Rosemary Adam: The world inside the word
I have a box of photographs from 1987, my junior year at Claremont High School, shot with the Pentax K-1000 I bought for my photography class. A group of these photos were taken in Rosemary Adam’s classroom and were developed in the CHS darkroom.
The beautiful chaos of her room is evident: the assignment on the board for Creative Writing (“When I was a child…”); posters of Ray Bradbury who she took me to meet at a small bookstore that no longer exists in South Pomona (the word on the street was that they had dated briefly); a photograph of her at the podium, reading an ode to her daughter Cindy; shelves and shelves of books and, in the center of the room, an unkempt pile of poetry.
One of her most wonderful weekly activities was to have us anonymously submit our poems in the pile. She, too, submitted a poem for the week, and she ran a little game, including the unmarked and lesser-known verse of a famous poet.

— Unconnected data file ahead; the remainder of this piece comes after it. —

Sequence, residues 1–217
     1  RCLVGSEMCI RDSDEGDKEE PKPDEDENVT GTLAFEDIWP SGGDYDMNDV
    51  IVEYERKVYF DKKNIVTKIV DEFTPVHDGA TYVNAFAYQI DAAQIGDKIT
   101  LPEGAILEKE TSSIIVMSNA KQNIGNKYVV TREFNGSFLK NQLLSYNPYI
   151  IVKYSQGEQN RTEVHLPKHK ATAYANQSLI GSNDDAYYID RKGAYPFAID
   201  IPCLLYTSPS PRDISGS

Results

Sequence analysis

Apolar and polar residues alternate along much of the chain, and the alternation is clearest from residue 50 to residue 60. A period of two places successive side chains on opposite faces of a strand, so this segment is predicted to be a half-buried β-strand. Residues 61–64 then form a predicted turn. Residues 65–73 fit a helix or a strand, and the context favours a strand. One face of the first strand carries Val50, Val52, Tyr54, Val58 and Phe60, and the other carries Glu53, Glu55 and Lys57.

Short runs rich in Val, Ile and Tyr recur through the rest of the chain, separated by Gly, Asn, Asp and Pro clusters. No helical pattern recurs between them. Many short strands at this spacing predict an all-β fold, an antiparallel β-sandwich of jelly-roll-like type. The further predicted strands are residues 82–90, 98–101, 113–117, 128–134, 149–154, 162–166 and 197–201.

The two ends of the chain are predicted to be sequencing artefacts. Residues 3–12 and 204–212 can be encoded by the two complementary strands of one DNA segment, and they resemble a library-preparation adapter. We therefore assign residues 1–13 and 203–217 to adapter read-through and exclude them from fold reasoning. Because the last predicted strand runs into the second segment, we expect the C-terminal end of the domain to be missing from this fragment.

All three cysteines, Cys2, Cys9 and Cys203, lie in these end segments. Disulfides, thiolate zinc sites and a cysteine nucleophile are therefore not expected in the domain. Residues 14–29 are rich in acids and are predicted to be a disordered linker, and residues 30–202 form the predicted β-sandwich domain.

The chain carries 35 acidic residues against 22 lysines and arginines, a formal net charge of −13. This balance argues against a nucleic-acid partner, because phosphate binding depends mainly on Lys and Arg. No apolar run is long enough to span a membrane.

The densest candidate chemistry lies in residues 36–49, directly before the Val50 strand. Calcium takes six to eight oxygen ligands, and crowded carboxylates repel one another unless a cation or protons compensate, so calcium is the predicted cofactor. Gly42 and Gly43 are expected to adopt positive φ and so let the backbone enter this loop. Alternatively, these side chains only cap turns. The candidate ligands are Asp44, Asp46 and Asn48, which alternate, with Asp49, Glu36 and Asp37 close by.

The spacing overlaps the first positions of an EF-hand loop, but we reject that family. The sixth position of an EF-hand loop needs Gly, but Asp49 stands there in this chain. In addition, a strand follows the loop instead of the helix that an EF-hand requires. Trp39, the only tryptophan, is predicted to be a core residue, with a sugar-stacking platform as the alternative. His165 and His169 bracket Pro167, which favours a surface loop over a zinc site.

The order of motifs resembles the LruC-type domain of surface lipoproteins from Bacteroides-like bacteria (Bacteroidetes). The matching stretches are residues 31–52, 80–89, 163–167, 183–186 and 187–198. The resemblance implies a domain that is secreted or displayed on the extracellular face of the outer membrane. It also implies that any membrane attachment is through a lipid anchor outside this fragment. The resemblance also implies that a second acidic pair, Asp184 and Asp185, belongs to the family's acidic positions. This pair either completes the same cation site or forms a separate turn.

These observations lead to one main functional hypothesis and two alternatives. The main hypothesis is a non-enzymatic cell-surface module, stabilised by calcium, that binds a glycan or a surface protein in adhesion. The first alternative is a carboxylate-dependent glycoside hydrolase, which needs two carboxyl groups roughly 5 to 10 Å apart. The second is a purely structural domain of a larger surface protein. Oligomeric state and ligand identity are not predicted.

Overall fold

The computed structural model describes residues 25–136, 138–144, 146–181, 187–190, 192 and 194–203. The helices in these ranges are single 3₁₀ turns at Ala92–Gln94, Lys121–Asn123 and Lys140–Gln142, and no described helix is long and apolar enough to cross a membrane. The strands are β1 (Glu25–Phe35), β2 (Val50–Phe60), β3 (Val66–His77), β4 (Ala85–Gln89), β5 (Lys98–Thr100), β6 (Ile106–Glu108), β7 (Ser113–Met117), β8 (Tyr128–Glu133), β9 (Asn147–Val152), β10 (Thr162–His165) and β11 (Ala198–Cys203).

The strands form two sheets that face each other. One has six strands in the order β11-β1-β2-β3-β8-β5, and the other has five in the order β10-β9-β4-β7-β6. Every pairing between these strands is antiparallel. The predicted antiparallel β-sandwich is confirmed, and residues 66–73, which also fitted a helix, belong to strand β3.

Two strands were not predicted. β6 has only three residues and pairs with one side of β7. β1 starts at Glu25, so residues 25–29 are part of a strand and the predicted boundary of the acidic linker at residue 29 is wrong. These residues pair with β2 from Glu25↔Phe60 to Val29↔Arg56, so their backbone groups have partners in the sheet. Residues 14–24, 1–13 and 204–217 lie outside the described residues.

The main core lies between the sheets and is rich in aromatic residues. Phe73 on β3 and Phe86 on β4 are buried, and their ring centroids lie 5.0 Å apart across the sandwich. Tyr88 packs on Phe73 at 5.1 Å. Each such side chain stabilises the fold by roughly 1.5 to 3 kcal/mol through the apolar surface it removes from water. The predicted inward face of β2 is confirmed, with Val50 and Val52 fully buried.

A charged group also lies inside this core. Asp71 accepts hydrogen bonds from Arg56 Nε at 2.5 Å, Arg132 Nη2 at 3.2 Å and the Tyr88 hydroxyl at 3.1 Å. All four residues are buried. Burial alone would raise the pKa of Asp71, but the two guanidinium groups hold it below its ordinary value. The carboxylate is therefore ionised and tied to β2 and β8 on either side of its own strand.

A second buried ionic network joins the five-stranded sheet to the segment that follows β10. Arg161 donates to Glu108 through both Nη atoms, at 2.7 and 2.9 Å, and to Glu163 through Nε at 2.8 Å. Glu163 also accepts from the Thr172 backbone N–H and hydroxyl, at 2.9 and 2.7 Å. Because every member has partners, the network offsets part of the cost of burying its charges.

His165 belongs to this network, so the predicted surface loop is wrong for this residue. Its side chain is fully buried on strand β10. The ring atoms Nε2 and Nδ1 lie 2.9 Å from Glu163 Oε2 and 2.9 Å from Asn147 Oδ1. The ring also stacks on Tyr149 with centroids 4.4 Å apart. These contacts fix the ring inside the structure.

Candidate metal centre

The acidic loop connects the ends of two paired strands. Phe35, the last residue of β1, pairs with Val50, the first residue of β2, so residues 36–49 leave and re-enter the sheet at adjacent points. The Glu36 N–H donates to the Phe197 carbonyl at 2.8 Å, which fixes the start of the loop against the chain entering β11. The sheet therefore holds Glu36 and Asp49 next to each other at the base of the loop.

We were to each take a small handful of these works and subject them to our emerging review skills. Students would remark, “Learn some grammar,” on a poem by e.e. cummings or add such thoughtful observations as “Who are these people?” on Gwendolyn Brooks’ “We Real Cool.” We were both laughed at and revered in a spirit of camaraderie after the authors were revealed at the end of class. But we were writers, all of us. It taught me how important a community of writers really is.
Rosemary Adam, or Madame Adam as she liked to be called, was one of the many teachers at Claremont High whose class was not just a period in the day, but an experience. Among the things I remember most about her teaching was her deeply-held view on the importance of creativity and the imagination. Not as codified, corporatized educational jargon for an amorphous ideal, but as the way to live, breathe and write. She believed in the power of the word to navigate the world, and it edified what I had known about myself since I was five, that I was meant to be a writer.
Ms. Adam encouraged (read: shoved) me to take my first poem—a satirical anti-development piece on North Claremont inspired in part by Dottie Shamah’s class reading of Thoreau’s Walden—to Charles Chase, who found it both amusing and amenable to the mission of Folk Music Center and posted it on the Poet’s Post outside the store.